The 10 Things No One Ever Tells You About Taking The Pill

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4. You Might Become Nutrient Deficient

Your body does not absorb nutrients properly when you are on the pill. Birth control pills put a heavy load on your liver, which must metabolize everything you put in your body, including the pill. This will greatly affect your body’s ability to absorb folic acid, thiamine, B2, B6, B12, vitamin C, and riboflavin. The pill also depletes your body of vital minerals including potassium, copper, zinc, selenium, and magnesium. Although it might take several years for deficiencies to become apparent, many small problems, such as feelings of anxiety, weight gain, irritability, skin problems, food cravings, and fatigue can all be linked back to the time you started taking the pill.


5. Infertility

Since the pill makes your body believe that it is permanently pregnant, it is not surprising that so many women who take the pill for years suddenly find they have problems becoming pregnant when they are ready to start a family. The pill changes the mucus production in your cervix, which, over time, can cause the cells that produce mucus to atrophy, or waste away, from lack of use. This ages the cervix and narrows the cervical canal, making it more difficult for sperm to travel to reach the egg. One 2004 study done in showed that the time it took women to become pregnant after using the pill was as much as three times longer than those who used condoms or other birth control methods.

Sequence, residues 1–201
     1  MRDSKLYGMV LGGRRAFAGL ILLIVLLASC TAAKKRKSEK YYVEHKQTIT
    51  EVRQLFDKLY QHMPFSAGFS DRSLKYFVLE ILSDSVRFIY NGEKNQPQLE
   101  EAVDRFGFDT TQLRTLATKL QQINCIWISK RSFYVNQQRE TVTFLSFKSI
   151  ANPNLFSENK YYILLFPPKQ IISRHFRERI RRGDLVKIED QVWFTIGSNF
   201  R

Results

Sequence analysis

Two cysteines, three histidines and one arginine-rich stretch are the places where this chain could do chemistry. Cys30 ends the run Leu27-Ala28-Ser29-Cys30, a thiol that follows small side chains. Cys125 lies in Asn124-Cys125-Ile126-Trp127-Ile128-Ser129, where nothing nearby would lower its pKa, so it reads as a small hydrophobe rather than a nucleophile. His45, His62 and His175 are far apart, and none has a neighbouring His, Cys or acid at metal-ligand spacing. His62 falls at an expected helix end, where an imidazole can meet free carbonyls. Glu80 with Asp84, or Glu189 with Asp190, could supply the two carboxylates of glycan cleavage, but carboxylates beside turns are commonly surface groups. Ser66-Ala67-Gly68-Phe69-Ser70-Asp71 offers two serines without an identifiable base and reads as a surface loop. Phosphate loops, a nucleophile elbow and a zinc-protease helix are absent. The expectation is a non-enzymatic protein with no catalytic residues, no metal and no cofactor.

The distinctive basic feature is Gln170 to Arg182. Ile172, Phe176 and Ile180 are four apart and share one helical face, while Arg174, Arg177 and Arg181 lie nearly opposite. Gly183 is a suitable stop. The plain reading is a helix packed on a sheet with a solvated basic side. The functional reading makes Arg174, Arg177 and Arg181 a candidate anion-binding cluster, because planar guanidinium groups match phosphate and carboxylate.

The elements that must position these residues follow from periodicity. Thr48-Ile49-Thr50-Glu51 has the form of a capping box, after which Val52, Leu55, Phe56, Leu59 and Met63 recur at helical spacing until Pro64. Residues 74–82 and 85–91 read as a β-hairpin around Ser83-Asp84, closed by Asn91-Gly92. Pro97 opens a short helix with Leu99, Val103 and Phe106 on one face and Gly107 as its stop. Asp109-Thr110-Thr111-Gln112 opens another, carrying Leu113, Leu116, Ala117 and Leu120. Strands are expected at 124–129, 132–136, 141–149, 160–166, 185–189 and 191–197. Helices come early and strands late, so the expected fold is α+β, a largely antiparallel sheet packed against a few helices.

6.  Say Good-Bye To Your Libido

Birth control pills produce as much as seven times more of the sex hormone-binding globulin. This globulin is a protein that binds with testosterone and removes it from the body. As you might imagine, less testosterone means less interest in sex — and less fun in the bedroom. By leveling out your natural estradiol highs and inhibiting free testosterone, you create a double whammy of loss of interest when it comes to sex.


7.  It Increases Your Risk Of All Kinds Of Disease

You might have read some warnings on the insert of your birth control pill, but most of you probably just throw them out. You should read these in full sometime because the statistics are scary. Birth control pills increase your risk of developing ovarian cancer, breast cancer, blood clots, stroke, heart attacks, weak bones (osteoporosis), and cervical cancer. Although these types of disease take a while to develop, they are much more common than you would think. If you are a long term pill user, ask your doctor about your risk.

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One Comment

  1. Betsy Riley

    Dec 3, 2015 at 2:47 pm

    You did not mention the Paraguard IUD, which works without hormones because it is made of copper. It lasts 5-10 years and was the best non-hormonal birth control option for me.